Some people will tell you that a contract is the lifeblood of a business, while others will tell you it is your first and only line of protection against the misconduct and failings of others. Regardless of how you view contracts, there’s little question that they are crucial to your continued business success and growth.
There are numerous kinds of contracts that businesses may require in different industries or when using certain business models. However, there are typically at least four kinds of contracts that most businesses need to create.
Employment offer letters and contracts
The language in the letter when you extend an offer of employment to an employee is crucial. Statements made in that letter could influence your long-term obligations to that employee.
Therefore, it is crucial that businesses carefully draft not just their employment contracts but also the letters that they sent out to extend an offer of employment to a new worker.
Invention assignment agreements
If you intend to hire workers, whether you hire someone to handle your marketing or bring in engineers to develop better products, you need a contract in place to ensure that what they produce belongs to the business should they ever leave their employment with your company.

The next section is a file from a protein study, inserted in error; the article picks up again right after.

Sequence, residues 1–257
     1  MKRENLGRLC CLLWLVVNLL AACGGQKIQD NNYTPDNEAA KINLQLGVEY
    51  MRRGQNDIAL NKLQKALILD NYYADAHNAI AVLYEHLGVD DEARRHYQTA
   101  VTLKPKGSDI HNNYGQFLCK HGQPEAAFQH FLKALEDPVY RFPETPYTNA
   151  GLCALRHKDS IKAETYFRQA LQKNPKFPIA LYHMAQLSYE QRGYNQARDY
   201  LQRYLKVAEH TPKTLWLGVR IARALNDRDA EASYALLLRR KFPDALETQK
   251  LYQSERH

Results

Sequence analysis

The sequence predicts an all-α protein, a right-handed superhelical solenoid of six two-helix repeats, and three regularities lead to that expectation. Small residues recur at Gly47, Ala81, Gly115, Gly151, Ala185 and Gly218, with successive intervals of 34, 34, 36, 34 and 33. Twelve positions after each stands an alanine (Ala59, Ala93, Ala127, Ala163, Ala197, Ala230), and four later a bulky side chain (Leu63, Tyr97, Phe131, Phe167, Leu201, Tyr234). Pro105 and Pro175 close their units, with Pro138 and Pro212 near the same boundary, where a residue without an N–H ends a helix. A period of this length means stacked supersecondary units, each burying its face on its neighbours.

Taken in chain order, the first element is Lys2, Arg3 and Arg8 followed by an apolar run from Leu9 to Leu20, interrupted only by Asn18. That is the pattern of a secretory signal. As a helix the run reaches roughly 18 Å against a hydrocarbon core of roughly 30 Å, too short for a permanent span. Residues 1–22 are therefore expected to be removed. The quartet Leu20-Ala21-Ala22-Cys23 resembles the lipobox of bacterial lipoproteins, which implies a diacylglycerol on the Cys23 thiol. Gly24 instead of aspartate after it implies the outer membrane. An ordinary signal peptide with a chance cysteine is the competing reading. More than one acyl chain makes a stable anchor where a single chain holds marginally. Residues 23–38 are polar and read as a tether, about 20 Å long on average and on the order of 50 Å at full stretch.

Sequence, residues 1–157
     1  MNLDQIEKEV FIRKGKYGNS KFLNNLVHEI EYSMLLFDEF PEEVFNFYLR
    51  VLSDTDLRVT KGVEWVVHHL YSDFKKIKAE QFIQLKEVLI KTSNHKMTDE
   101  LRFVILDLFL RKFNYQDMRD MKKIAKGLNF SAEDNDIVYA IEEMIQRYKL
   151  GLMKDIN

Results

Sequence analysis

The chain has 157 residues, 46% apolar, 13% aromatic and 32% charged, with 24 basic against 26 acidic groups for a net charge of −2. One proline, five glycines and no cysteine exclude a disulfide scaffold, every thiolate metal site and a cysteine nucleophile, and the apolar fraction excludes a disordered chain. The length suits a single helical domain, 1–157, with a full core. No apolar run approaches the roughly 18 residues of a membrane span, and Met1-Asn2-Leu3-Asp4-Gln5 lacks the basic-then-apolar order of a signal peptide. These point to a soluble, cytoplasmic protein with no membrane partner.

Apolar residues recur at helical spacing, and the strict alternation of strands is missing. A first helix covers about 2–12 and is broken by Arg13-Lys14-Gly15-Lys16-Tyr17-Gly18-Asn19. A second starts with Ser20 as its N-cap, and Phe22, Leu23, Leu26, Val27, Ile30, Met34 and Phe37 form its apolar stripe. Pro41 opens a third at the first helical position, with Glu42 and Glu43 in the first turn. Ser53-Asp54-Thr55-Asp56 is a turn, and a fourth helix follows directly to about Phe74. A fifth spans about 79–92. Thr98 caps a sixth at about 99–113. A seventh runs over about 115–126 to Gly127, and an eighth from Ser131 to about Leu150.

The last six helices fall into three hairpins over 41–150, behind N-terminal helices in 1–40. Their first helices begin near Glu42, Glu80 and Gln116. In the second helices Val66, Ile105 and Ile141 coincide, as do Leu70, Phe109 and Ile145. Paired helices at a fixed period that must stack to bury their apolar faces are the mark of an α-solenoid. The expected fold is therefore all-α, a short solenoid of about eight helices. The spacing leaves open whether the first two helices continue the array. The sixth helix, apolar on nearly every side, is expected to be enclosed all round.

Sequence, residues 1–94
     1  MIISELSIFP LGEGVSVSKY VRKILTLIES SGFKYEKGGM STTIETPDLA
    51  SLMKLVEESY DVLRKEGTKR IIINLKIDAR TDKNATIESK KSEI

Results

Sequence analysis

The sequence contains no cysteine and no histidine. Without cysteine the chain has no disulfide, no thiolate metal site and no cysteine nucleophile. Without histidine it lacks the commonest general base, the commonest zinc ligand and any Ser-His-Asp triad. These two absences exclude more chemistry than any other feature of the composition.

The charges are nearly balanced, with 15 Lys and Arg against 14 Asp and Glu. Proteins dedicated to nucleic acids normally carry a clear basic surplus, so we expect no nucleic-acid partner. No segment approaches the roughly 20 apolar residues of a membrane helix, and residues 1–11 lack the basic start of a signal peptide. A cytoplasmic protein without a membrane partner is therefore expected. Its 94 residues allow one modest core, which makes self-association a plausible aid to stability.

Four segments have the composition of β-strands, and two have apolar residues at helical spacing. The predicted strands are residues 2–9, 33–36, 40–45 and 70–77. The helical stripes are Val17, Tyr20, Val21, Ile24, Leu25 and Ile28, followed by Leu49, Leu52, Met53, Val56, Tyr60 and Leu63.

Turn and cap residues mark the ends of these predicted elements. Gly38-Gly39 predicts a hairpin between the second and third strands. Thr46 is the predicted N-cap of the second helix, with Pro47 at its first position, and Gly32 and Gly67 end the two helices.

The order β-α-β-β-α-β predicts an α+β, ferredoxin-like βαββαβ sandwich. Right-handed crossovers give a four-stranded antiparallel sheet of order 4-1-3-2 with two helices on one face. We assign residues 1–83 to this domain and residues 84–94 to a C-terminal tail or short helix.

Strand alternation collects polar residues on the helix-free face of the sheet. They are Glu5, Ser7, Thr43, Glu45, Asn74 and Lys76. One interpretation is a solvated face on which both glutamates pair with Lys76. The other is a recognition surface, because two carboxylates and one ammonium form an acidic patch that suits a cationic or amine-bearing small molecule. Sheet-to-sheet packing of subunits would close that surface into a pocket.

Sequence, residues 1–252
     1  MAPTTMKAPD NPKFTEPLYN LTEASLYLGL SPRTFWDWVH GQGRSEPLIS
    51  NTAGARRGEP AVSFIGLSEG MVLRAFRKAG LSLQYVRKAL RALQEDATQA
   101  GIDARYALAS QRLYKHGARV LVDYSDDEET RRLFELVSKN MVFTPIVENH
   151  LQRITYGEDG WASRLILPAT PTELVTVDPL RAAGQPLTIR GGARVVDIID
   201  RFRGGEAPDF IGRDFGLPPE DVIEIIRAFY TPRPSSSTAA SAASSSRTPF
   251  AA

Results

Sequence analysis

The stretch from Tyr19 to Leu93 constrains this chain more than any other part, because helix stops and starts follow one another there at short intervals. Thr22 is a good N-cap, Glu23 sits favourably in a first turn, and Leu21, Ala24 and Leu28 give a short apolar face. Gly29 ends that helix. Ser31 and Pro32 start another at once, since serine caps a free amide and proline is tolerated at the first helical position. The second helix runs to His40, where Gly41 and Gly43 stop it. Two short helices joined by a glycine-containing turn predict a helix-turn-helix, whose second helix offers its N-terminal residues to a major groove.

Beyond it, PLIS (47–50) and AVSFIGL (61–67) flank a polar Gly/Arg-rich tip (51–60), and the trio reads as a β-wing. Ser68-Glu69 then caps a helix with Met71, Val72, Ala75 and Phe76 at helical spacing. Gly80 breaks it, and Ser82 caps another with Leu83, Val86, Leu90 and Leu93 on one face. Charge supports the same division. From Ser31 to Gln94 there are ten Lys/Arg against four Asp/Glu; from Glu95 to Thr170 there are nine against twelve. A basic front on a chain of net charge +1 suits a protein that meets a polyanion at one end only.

Confidentiality agreements and restrictive covenants are also often an important part of employment contracts to ensure workers don’t share their company secrets with others.
Service contracts or payment arrangements
If your company provides services rather than goods, you need to have a signed contract with clients before you start doing work, or else you run the risk of them not paying you or complaining about your company failing to meet unreasonable expectations.
If you do provide goods and accept any form of payment other than payment in full from the other party, you may need a specialized contract discussing how they will make payments and what happens if they fall into arrears.
Maybe you will need to hire an outside company to provide security services or management support to your business to keep your internal operations as streamlined as possible. Perhaps you will rely on vendors for products or materials that are crucial to your company’s operations.
You will need to draft business-to-business contracts that solidify your arrangements with other companies and potentially even impose penalties if they fail to deliver the promised goods or services. There are many other contracts that you may need to draft to do business safely, and the contracts you have may eventually require adjustments so that they remain legally valid and enforceable.
Creating unique contracts will be an important step for protecting your company’s future.